“We produce some great athletes and rugby players so it is a bit surprising that we aren’t doing better on the world stage,” he said.
“There’s been lots of really good players. Just looking at rugby in New Zealand and certainly in Auckland where I come from – most of the players are Polynesian and particularly Samoans.”
“Right throughout the world now, there are Samoans in the England team, in Australia. Samoans are producing a lot of really good rugby talent so we need to do it for the Manu and consistently.”
The former All Black reiterates his stance on Samoa’s need to play in Super Rugby to boost the standard of Samoan Rugby.
“One of the big problems and I’m sure the rugby union are probably well aware of it is that they’re not in Super Rugby - if they sort that one out, it’ll be the start of a new rebirth.
“By having a team in Super Rugby and playing test matches against the Super rugby countries and then you include Tonga, Fiji and then you’ve then got a chance of improving your standard but also creating a bigger amount of money, bigger revenue pool from T.V rights and the like.”
Tuifa’asisina chuckles when asked why that is the case.
“The excuse the bigger unions make is that Samoa is not a television audience in terms of pay per view television but the thing is - the Polynesians are the entertainers of world rugby,” he laughs.
“It doesn’t matter where they play or whatever, they’re the entertainers and people want to watch them, so that excuse doesn’t wash with me.”
Looking back on his time spent in Samoa as a player and then as a Coach, the rugby legend has very little regrets saying that he loved his time with the Manu being involved for ten seasons and going to three World Cups,
“They were great experiences we had really good wins during all three of the world cups, made the quarter finals twice and just missed out the third time so there were lots of real positives.”
Asked what to share some of the hardest decisions he has made in his decade with the Manu Samoa and Tuifa’asisina says without skipping a beat, that the worst decision was always having to tell someone that they had been dropped from the team.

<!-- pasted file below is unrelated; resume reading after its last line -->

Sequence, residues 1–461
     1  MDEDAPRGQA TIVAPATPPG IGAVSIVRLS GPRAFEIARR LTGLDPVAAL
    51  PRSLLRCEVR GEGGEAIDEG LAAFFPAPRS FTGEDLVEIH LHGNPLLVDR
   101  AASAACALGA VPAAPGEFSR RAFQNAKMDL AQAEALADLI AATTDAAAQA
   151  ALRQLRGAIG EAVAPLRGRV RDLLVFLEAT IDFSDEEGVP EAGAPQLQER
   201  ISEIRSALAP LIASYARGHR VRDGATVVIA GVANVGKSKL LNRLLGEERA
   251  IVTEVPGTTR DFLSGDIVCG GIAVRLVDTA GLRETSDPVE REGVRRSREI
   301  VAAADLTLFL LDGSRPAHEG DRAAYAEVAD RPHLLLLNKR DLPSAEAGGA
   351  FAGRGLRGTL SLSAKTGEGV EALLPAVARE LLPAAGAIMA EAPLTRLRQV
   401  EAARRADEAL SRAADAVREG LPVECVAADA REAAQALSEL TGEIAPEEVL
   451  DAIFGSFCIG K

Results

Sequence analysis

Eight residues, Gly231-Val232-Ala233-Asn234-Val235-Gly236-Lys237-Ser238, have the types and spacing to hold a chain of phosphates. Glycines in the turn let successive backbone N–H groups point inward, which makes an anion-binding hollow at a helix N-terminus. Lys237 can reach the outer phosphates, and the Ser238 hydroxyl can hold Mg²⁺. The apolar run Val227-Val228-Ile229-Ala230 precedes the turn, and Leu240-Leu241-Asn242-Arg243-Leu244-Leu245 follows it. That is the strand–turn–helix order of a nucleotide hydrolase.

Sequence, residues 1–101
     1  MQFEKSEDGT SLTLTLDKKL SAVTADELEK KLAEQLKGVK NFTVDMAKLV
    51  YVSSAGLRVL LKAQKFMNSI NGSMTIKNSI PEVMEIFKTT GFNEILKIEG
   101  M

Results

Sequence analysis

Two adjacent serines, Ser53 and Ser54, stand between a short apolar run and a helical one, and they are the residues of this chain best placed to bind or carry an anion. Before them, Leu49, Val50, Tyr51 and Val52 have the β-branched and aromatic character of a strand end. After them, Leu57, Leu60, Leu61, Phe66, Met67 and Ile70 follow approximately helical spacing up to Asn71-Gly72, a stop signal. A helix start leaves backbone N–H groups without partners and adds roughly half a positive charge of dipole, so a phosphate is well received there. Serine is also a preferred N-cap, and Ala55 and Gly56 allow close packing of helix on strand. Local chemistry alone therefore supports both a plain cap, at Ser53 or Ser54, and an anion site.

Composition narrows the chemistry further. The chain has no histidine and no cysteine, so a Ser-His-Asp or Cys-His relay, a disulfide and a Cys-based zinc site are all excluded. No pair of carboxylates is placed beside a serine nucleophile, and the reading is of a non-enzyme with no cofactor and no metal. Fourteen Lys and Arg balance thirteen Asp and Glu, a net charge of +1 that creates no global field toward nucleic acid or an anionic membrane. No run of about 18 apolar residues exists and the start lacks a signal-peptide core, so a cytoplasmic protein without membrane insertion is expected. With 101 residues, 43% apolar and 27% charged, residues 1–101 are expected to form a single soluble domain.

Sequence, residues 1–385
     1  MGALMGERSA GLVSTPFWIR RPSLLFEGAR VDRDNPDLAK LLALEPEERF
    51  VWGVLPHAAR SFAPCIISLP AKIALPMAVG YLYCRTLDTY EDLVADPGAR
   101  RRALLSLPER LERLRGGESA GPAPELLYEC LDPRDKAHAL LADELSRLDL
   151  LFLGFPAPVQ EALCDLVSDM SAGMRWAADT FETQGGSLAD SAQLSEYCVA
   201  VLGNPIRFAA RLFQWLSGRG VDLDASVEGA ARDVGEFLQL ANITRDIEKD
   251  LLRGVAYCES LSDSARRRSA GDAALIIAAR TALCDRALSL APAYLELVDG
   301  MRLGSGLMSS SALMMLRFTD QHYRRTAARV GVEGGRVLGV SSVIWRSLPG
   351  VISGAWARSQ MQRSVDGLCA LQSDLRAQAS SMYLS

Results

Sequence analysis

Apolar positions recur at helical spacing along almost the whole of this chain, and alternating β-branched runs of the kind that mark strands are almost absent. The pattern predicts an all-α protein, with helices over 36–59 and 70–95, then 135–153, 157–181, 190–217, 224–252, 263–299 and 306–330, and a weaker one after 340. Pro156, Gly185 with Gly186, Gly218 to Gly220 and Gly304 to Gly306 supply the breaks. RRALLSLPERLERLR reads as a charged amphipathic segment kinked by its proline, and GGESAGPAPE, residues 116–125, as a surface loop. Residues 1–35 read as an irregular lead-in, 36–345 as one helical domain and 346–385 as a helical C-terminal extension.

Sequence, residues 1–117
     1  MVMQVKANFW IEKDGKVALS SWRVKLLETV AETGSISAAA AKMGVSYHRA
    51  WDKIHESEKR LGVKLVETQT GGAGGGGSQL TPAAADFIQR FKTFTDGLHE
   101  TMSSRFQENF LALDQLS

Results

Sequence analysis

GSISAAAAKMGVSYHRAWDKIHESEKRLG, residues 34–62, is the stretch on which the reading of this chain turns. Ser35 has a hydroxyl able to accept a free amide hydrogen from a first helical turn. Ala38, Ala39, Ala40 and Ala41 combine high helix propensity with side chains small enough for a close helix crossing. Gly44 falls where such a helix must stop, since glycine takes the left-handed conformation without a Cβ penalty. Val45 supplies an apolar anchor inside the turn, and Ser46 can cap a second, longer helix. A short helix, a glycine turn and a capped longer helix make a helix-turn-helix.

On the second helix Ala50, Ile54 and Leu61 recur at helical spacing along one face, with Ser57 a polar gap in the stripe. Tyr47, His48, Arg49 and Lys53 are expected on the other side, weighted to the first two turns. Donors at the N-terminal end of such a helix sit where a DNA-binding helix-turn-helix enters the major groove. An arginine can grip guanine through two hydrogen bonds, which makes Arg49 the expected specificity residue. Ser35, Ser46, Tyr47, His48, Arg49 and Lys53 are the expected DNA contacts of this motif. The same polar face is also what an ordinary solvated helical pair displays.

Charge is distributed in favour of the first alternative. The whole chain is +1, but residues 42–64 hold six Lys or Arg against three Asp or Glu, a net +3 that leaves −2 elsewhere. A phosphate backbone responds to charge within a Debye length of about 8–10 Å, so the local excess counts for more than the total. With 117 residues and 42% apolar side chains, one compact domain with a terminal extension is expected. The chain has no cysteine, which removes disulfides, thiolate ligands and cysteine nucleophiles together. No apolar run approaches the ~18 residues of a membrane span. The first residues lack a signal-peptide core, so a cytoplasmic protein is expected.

“That was always the worst part but when you’re coaching a team like the Manu, there’s a lot of pressure on always and as we had more success the expectation was bigger. You had to win there was no excuse of losing even if it was against the All Blacks or France or England.
“Always a lot of pressure so when you won, you were relieved and when you lost you were the villain, it was your fault. So you soon learn that coaching is a very hazardous job.”
Tuifa’asisina saw many a talented player in his time as Manu Samoa Coach but naturally he says, that does not always translate to a long successful career,
“I saw lots of them. There were many players who could have been great players but just had the wrong attitude. Attitude is everything in rugby, it governs all your relationships with your team mates and how hard you train, whether you’re going to turn up on time.”
Is it more important than talent?
“Talent will only carry you so far but its attitude that will carry you the whole way and if you’ve got both – then you’ve got it made.”
Swapping the stresses of coaching rugby for more of a life coach role these days Sir Bryan and his lady Lesley keep busy with their 13 grandchildren especially attending as much of their sport games as possible and Sir Bryan admits that there is no side line coaching come from the rugby legend at these events,
“We got quite a number of grandbabies playing rugby so our Saturday mornings are pretty busy we get out and about.” He says proudly “We got some netballers as well, we try and watch them play as well.”
“There’s not really any side line coaching going on, we learnt quite early in the piece particularly with my two boys. The more I could keep my mouth shut, the more we got on,” he laughs
Tuifa’asisina Sir Bryan Williams is also the patron of the New Zealand Barbarians Club. He is a Trustee of the New Zealand Rugby Foundation who loos after severely injured rugby players. As well as being in the New Zealand Sports Hall of Fame he is also on the Ponsonby Rugby Committee.